via Editorial: CalSTRS still doesn’t realize it has a pension spiking problem.
By John Fensterwald
The pension reforms that the Legislature passed before skipping town on Friday will save the California State Teachers’ Retirement System $22.7 billion over 30 years, according to a preliminary analysis that CalSTRS released on Wednesday. But CalSTRS administrators cautioned that most of the savings won’t be achieved for decades, because reduced pension benefits will affect only employees hired after Jan. 1, 2013. And the savings won’t reduce the Legislature’s need to deal with the current $65 billion deficit, caused when returns on investments tanked in 2008 and failed to fully recover.
“We have been working for some time to raise awareness of our funding shortfall, the cost of waiting to address it, and the ultimate risk failing to do so presents to the state General Fund,” said CalSTRS Chief Executive Officer Jack Ehnes in a press release.
via CalSTRS estimates $22.7 billion savings from pension reform – by John Fensterwald.
SACRAMENTO — A new report released Wednesday by the state controller’s office found that the nation’s largest teacher pension fund has been so lax about detecting pension spiking at California school districts that it is on pace to audit each district once every 48 years.
The office found that the California State Teachers’ Retirement System failed to adequately audit school districts, missed opportunities to stop unjustified salary increases, and failed to use its own electronic system to detect possible abuses.
Besides the slow pace of auditing 1,900 districts and offices, the report found in a sampling of districts that they often lacked transparency or documentation to justify pay increases.
via Report: Teacher fund lax on anti-spiking efforts.
SACRAMENTO — For nearly a decade, California’s top-paid school administrators got to collect six-figure lump sum cash payments in addition to their pensions by taking advantage of a little-known legislative provision that was intended to help retain and recruit teachers during the dot-com boom.
The program, known as the “partial lump sum” payment option, was approved by the state Legislature in 2000 to boost the state’s teaching ranks at a time when California was projected to face a teacher shortage. The benefit, which is allowed in some form in about a dozen states, lets retiring educators tap into their pension accounts for a large cash payment in exchange for a reduced monthly pension check.
Yet many who took advantage of the benefit from the California State Teachers’ Retirement System turned out to be highly paid administrators who already stood to receive generous monthly pension checks, according to data obtained by The Associated Press under a California Public Records Act request.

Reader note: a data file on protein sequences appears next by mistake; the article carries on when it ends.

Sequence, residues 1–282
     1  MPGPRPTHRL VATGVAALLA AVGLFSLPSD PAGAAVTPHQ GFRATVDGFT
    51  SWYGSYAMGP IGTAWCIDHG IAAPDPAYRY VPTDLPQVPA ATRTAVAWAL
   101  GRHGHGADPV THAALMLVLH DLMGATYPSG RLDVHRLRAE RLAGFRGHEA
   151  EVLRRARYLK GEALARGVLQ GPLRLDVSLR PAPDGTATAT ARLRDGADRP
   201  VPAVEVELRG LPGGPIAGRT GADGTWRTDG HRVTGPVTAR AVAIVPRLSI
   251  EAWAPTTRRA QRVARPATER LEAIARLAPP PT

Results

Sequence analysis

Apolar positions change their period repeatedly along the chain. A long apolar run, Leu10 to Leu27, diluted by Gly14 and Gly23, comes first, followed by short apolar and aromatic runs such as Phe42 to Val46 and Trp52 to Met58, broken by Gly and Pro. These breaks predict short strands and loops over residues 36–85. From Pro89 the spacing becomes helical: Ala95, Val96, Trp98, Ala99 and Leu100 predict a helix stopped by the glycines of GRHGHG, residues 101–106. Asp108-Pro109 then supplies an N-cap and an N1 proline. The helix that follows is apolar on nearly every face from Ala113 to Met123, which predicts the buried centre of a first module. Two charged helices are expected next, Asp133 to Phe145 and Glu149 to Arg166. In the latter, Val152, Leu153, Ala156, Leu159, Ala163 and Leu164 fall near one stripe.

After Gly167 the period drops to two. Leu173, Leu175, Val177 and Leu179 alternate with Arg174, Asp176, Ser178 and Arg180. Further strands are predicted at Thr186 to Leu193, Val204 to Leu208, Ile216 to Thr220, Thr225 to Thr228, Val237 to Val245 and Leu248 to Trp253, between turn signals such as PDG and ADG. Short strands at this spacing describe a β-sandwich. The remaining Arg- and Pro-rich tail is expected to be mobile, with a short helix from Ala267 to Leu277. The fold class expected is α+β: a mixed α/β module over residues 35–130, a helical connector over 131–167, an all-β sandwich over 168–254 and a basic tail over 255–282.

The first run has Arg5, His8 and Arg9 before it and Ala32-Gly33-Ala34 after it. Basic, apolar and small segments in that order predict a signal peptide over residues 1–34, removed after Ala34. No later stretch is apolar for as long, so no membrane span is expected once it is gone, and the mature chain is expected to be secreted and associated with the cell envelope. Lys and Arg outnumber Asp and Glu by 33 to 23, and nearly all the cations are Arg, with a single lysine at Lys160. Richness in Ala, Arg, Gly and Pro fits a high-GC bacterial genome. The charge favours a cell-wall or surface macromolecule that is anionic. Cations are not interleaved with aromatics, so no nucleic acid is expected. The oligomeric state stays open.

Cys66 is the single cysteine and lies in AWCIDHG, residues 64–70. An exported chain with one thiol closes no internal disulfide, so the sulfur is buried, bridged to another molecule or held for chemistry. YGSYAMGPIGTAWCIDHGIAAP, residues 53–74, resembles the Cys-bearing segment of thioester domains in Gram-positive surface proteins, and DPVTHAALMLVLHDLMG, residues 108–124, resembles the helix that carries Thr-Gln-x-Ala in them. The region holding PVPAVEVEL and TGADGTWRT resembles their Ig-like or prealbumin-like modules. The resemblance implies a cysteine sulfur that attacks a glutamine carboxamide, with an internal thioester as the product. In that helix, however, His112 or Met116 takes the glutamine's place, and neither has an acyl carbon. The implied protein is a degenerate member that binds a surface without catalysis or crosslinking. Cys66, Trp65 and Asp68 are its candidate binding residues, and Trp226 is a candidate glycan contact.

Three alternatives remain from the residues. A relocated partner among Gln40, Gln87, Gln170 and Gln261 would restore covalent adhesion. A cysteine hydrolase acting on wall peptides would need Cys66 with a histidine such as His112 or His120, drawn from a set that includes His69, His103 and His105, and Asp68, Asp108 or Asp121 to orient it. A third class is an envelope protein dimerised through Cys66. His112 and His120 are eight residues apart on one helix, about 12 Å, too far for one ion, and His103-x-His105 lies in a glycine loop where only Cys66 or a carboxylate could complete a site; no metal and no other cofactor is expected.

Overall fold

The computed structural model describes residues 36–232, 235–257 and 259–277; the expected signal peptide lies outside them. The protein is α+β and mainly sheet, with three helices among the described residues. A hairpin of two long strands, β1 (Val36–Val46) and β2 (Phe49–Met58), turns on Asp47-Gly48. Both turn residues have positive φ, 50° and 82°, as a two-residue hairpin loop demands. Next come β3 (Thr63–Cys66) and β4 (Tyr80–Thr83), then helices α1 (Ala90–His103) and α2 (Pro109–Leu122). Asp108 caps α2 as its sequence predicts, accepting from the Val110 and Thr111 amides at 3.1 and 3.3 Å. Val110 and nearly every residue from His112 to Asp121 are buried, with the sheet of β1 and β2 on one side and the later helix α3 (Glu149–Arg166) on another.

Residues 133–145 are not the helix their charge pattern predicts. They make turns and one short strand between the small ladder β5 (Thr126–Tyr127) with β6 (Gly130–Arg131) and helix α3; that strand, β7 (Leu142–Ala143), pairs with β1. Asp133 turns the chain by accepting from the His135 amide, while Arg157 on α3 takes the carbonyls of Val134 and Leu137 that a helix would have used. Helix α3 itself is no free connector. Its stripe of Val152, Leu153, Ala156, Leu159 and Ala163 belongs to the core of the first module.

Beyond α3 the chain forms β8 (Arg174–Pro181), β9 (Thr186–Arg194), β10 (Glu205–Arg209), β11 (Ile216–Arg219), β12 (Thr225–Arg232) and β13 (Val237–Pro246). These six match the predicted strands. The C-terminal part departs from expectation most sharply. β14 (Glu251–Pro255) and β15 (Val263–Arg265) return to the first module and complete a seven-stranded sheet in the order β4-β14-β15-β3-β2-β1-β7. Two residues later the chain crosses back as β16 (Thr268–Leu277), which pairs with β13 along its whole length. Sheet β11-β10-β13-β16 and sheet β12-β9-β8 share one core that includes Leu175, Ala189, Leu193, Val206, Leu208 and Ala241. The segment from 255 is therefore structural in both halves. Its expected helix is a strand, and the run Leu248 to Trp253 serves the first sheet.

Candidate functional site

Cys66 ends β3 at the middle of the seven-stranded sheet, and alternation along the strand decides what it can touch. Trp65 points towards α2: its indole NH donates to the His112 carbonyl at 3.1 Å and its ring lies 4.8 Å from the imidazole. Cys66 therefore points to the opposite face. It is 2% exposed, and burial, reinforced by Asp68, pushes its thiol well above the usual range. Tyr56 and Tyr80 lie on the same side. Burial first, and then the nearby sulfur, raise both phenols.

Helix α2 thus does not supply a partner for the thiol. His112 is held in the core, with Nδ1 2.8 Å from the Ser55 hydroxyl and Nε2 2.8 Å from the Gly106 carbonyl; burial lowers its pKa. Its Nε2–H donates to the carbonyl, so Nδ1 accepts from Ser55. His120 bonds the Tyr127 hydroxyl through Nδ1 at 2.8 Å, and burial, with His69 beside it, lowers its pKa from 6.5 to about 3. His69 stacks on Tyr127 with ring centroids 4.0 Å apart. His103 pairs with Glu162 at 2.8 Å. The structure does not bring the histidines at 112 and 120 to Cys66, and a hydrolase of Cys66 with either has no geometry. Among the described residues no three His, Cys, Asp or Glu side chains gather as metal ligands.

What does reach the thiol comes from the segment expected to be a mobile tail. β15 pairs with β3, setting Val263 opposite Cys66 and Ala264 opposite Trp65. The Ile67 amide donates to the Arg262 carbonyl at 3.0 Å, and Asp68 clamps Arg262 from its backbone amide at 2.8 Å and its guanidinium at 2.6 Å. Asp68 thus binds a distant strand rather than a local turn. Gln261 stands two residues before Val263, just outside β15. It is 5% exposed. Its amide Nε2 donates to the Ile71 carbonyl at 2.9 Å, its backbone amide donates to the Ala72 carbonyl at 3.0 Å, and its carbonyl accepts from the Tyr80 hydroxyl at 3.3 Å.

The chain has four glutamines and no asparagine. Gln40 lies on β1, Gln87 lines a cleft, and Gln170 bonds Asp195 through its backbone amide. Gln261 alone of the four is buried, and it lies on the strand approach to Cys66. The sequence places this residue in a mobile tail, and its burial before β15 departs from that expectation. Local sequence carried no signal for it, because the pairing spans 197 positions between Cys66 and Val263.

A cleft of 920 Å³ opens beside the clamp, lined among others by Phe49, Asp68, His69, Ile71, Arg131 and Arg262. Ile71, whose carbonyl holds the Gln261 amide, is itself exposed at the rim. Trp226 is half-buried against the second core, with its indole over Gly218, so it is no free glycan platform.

via AP Exclusive: Top retirees benefited from cash out.
Given the political realities under California’s Capitol dome, the pension measure awaiting final action in the Legislature today is probably the best reform package that could have been achieved. Nevertheless, lawmakers need to vet this measure as carefully as they can before they approve it and the public should be under no illusions. The changes enacted do not end the pension crisis that afflicts the state, local governments and school districts.
A preliminary calculation by state pension official actuaries pegs the savings in the reform measure at $40 billion to $60 billion over the next three decades. That’s not nearly enough to erase the unfunded pension liabilities for the state and local governments, conservatively estimated at $164 billion.
via Editorial: Pension bill not perfect, but a start toward reform.
Ten months ago, Gov. Jerry Brown proclaimed California’s public employee pension system to be “unsustainable” and proposed a very mild, 12-point reform plan.
This week, he embraced a much-weaker version drafted in secrecy by the Legislature’s Democratic leaders, who insisted that it is “a strong proposal” (Senate President Pro Tem Darrell Steinberg) and “comprehensive” (Assembly Speaker John A. Pérez).
Brown was only slightly less effusive, calling it a “significant step forward” that will “help to ensure that our public retirement system is sustainable for the long term.”
via Dan Walters: Pension overhaul plan falls short.
After more than a year of secretive maneuvering with Democrats in the Legislature, Gov. Jerry Brown announced a pension reform package on Tuesday that offers very little immediate budget relief for state or local governments.
Brown said the changes would save $18 billion to $30 billion over the next 30 years. But if the reforms outlined in press releases accurately reflect what’s in the legislation, it would be a modest step forward.
Details were hard to come by on Tuesday because the pension bills were not in print before the governor made his announcement. That alone ought to give the public and legislators pause.
via Editorial: At first blush, pension deal is modest at best.